The Privacy Act (1988) recognises the importance of privacy individuals and regulates the way the Australian government, large organisations (‘large’ is defined in the Act as any organisation which has an annual turnover greater than $3 million), and some small businesses handle personal information. Under the Act individuals have a right:
* to know why their information is being collected, how it will be used and with whom the information will be shared,
* to remain anonymous in certain circumstances,
* to have access to their personal information,
* to opt out of direct marketing,
* to correct information about themselves that is inaccurate, and
* to complain if they feel their private information has been mishandled.

As digital technology rapidly increases and as more businesses move exclusively to online platforms or shift databases and operations off-shore or to shared data storage centres it is imperative that businesses implement data protection processes. Ensuring privacy compliance is about much more than simply having a Privacy Policy. Privacy. Considerations should be integrated into every aspect of the business, and Privacy Impact Assessments (PIAs) should be a defined area within all projects. Taking this ‘bottom up’ approach will more rapidly ensure that privacy requirements are being met than simply instituting a company wide privacy policy.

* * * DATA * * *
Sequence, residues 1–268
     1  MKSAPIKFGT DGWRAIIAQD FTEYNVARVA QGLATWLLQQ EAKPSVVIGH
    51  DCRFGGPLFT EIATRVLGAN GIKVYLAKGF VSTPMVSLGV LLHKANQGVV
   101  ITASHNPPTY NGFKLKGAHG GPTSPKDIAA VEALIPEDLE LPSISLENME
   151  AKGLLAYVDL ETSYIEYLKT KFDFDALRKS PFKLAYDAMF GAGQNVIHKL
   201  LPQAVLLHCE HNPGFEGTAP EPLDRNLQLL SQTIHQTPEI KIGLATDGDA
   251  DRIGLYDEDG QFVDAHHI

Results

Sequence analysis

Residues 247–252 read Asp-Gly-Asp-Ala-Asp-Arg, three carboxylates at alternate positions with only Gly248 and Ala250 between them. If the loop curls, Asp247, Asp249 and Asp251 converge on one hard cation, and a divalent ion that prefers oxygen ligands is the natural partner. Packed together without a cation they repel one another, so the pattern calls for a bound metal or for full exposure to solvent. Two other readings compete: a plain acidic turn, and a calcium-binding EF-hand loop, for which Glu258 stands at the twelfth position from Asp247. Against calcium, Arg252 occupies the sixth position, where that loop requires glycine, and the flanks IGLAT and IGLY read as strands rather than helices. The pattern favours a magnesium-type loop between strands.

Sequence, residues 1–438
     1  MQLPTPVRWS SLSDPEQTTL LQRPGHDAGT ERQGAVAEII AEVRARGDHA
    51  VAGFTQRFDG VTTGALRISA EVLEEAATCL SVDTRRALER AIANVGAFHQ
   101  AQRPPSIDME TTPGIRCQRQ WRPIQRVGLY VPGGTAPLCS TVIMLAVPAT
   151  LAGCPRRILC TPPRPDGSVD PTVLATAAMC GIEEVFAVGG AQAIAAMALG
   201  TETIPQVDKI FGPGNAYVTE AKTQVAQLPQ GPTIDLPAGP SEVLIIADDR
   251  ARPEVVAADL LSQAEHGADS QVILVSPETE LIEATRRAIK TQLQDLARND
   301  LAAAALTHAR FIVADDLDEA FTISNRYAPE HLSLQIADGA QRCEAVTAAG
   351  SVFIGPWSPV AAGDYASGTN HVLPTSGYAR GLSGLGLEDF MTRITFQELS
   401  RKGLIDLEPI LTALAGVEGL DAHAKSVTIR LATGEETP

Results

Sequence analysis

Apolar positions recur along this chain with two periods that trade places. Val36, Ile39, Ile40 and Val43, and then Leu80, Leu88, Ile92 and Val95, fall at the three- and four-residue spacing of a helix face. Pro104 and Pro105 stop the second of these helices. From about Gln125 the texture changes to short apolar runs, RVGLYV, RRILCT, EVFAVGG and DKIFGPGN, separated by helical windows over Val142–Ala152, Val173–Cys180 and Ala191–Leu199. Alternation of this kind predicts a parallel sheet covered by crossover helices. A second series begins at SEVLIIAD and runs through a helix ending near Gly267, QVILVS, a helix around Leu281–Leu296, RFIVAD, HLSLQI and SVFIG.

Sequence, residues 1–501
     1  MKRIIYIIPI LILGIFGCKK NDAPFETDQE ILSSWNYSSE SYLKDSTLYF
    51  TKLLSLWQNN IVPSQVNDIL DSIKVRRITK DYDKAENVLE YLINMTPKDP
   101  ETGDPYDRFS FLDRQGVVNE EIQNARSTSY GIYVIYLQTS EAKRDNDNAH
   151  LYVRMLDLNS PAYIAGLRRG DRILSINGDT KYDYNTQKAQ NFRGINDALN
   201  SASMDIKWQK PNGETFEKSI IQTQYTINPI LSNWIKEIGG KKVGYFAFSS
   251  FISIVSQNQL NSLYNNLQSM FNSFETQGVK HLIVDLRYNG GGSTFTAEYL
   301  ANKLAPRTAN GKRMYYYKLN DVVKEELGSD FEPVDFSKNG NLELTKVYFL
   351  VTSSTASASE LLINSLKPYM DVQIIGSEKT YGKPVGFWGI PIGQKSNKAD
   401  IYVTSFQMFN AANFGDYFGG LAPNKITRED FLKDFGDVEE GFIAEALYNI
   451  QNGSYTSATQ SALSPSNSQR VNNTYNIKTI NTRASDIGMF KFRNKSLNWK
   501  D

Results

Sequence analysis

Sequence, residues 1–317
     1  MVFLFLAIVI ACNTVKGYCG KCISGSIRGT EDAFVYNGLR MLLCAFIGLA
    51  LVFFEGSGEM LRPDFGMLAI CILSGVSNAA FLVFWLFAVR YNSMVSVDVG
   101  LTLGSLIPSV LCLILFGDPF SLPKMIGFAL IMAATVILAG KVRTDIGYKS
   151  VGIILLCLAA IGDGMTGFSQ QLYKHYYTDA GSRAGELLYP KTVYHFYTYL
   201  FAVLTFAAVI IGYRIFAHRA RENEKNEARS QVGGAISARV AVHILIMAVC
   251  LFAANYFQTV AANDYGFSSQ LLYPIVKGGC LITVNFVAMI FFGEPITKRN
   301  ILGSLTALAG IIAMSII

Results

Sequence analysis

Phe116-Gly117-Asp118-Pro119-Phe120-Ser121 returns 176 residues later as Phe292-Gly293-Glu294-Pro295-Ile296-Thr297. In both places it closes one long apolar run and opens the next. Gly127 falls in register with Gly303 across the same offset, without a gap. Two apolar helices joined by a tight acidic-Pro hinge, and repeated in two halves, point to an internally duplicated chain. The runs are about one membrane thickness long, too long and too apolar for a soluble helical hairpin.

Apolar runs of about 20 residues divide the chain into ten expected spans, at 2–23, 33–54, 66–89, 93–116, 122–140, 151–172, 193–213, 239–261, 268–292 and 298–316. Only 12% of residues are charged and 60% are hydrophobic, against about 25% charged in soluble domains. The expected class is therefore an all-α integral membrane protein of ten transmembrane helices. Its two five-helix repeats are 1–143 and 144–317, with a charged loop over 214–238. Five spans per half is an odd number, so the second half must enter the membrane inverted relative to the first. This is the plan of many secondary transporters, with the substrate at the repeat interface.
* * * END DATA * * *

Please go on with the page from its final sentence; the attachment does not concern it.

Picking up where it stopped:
This approach has the additional benefit of creating cultural change within organisations. Strong privacy awareness and culture will help to safeguard customer loyalty and retention, as well as stakeholder and will allow business to respond efficiently if there is a data breach. Setting in motion cultural change may create chaos in the short term but this risk is mitigated by an overall long term sense of direction (Dolan, Garcia, Diegoli, Auerbach, 2000), and there can be little doubt that strong privacy protection is critical to commercial success in the 21st century.